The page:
Advertisement




More DailyStrength
Health Event Calendar
See what's new on the site
Step-by-step Tutorials
How to use DailyStrength
We're on Facebook
Check out our page
Follow us on Twitter
Read our tweets
Get Cool DS Stuff!!!!!
Shirts, Hats, Baby Wear
Topics Replies Last Post
Heart Palpitations 
0 By wornout77
11/24/14
How dry is your mouth? 
3 By 2Bhere
11/24/14
Fibromyalgia?? 
1 By momofmiabella
11/20/14
Nasal Congestion - SS? 
1 By WarriorGal
11/17/14
iris stuck to lens 
1 By nymima
11/17/14
sjogren's and lungs 
22 By sjogrenssynd...
11/15/14
Sjogren's and Weight Loss 
3 By janetwhite35
11/15/14
Family Practice Notebook 
  •  
  •  
  •  
  •  
  •  
Information Source
1 By slees
11/15/14
I CAN BREATHE!!! 
0 By WarriorGal
11/15/14
FLare? 
1 By janetwhite35
11/14/14
D3 
1 By JaquelineS
11/13/14
Confused and Scared 
5 By nannysbaby
11/12/14
Omega 3 
0 By dmp58
11/11/14
ENA Screening 
0 By janetwhite35
11/02/14
Anyone use Biotene for a dry, burn... 
5 By wornout77
10/28/14

Sjogren's Syndrome Information

Sjogren's syndrome is an autoimmune disorder in which immune cells attack and destroy the exocrine glands that produce tears and saliva. It is named after Swedish ophthalmologist Henrik Sjogren (1899-1986), who first described it. Sjogren's syndrome is also associated with rheumatic disorders such as rheumatoid arthritis, and it is rheumatoid factor positive in 90 percent of cases. The hallmark symptoms of the disorder are dry mouth and dry eyes (part of what are known as sicca symptoms). In addition, Sjogren's syndrome may cause skin, nose, and vaginal dryness, and may affect other organs of the body, including the kidneys, blood vessels, lungs, liver, pancreas, and brain. Nine out of ten Sjogren's patients are women and the average age of onset is late 40s, although Sjogren's occurs in all age groups in both women and men. It is estimated to strike as many as 4 million people in the United States alone making it the second most common autoimmune rheumatic disease.

There is neither a known cure for Sjogren's syndrome nor a specific treatment to permanently restore gland secretion. Instead, treatment is generally symptomatic and supportive. Moisture replacement therapies such as artificial tears may ease the symptoms of dry eyes (some patients with more severe problems use goggles to increase local humidity or have punctal plugs inserted to help retain tears on the occular surface for a longer time). Additionally, Ciclosporin is available by prescription to help treat chronic dry eye by suppressing the inflammation that disrupts tear secretion. Prescription drugs are also available that help to stimulate salivary flow, such as cevimeline and pilocarpine. Nonsteroidal anti-inflammatory drugs may be used to treat musculoskeletal symptoms. For individuals with severe complications, corticosteroids or immunosuppressive drugs may be prescribed. Also, disease-modifying antirheumatic drugs (DMARDs) such as methotrexate may be helpful.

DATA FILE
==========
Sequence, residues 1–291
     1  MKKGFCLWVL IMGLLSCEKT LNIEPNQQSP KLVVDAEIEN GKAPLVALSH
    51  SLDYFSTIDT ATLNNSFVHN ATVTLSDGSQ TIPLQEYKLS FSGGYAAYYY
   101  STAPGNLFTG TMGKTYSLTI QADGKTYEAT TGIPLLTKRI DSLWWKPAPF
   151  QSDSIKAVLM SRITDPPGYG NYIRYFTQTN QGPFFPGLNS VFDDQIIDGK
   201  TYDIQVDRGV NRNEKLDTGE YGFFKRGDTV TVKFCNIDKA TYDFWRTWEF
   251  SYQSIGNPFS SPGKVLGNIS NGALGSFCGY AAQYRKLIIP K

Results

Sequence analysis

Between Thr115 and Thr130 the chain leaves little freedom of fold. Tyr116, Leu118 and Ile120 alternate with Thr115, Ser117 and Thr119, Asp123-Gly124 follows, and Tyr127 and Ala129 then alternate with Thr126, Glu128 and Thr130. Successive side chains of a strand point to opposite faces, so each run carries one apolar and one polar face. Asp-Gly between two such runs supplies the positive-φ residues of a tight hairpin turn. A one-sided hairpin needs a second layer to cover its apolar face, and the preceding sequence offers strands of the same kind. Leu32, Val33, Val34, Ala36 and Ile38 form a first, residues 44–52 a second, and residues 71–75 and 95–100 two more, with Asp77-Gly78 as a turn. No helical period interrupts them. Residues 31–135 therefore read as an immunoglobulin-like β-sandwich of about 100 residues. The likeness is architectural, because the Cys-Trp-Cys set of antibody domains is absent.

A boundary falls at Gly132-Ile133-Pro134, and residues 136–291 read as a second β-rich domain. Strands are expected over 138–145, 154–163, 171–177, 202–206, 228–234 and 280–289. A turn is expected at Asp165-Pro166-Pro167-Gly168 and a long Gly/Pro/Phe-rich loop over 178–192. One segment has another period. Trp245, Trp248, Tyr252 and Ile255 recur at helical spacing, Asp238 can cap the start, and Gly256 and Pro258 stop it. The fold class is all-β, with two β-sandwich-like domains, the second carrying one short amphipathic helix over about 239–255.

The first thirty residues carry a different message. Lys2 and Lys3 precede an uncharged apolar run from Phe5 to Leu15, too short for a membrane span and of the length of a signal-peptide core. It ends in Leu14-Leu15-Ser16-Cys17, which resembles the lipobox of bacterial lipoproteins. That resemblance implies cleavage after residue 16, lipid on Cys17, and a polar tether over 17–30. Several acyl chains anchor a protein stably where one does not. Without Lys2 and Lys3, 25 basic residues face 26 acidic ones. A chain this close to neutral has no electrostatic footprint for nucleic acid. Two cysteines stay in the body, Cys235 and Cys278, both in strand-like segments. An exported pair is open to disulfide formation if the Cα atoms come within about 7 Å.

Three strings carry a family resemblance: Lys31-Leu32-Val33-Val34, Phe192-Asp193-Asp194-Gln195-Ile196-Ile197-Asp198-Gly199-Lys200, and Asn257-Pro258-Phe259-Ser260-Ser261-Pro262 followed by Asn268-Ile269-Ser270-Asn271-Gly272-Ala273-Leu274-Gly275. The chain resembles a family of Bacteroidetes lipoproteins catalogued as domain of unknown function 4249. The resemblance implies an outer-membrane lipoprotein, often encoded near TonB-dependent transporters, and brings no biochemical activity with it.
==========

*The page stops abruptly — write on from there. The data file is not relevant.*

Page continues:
Health Blogs

I often hear, “I’ve never had a chest x-ray, do I need one?” Whether it’s during your annual physical or for a visit before your surgery (a preoperative clearance) many ask whether they need a chest x-ray. Unless you are having symptoms that are worrisome for lung findings (fever, cough, shortness of breath, etc) you don’t. Save ... Read More »

1) Do I need an annual physical?

 

As many of you know Medicare does NOT cover annual physicals... so the question is do you really need one?

 

For females over 40 you need to come in for an annual mammogram, and either a once a year or every three years (in low- risk folks) Pap ... Read More »

Member Photos

Advertisement

Latest Activity